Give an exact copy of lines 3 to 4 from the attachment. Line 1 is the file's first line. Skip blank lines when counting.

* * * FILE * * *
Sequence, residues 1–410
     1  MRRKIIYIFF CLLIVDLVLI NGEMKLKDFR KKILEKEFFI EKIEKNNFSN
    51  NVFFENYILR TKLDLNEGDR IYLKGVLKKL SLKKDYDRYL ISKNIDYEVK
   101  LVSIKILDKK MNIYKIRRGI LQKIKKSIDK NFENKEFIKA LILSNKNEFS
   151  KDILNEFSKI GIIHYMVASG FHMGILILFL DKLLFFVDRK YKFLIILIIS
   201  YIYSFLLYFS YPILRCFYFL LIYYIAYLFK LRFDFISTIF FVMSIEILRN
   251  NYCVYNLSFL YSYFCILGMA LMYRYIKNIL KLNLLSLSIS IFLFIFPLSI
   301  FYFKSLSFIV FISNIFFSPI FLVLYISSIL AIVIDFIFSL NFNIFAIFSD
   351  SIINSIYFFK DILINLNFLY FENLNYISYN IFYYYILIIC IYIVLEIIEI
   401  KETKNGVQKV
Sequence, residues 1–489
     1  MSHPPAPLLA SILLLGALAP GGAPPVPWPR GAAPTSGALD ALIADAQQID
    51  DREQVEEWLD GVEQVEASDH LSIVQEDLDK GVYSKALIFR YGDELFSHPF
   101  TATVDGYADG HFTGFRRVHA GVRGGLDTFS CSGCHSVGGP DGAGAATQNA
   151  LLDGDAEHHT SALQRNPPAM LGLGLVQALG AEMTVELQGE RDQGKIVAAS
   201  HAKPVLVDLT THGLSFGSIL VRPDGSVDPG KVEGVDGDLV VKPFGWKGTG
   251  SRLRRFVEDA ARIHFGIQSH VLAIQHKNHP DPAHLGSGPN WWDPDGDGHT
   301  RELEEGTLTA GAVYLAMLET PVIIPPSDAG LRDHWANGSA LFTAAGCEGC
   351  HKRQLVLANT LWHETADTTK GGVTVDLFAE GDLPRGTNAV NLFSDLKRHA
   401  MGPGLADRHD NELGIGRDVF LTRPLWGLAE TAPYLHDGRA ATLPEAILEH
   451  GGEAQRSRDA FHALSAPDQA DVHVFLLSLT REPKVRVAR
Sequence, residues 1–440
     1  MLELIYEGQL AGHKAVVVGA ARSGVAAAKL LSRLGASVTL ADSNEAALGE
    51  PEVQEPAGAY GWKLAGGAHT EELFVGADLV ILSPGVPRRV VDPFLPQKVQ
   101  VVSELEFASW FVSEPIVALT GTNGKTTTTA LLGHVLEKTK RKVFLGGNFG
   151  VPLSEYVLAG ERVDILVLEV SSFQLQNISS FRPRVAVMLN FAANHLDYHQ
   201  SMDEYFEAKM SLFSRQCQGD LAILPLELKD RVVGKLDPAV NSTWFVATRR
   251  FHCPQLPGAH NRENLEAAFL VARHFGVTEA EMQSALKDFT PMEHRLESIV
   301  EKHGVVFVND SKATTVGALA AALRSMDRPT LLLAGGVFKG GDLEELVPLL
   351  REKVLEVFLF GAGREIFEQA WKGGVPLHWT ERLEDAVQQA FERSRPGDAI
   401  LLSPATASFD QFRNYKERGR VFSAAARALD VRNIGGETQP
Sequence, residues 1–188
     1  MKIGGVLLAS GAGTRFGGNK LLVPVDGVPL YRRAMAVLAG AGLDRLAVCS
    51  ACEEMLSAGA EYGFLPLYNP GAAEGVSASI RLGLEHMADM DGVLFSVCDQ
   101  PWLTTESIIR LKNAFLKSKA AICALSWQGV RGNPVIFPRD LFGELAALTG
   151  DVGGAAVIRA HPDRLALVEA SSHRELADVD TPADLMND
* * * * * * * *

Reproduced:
    51  NVFFENYILR TKLDLNEGDR IYLKGVLKKL SLKKDYDRYL ISKNIDYEVK
   101  LVSIKILDKK MNIYKIRRGI LQKIKKSIDK NFENKEFIKA LILSNKNEFS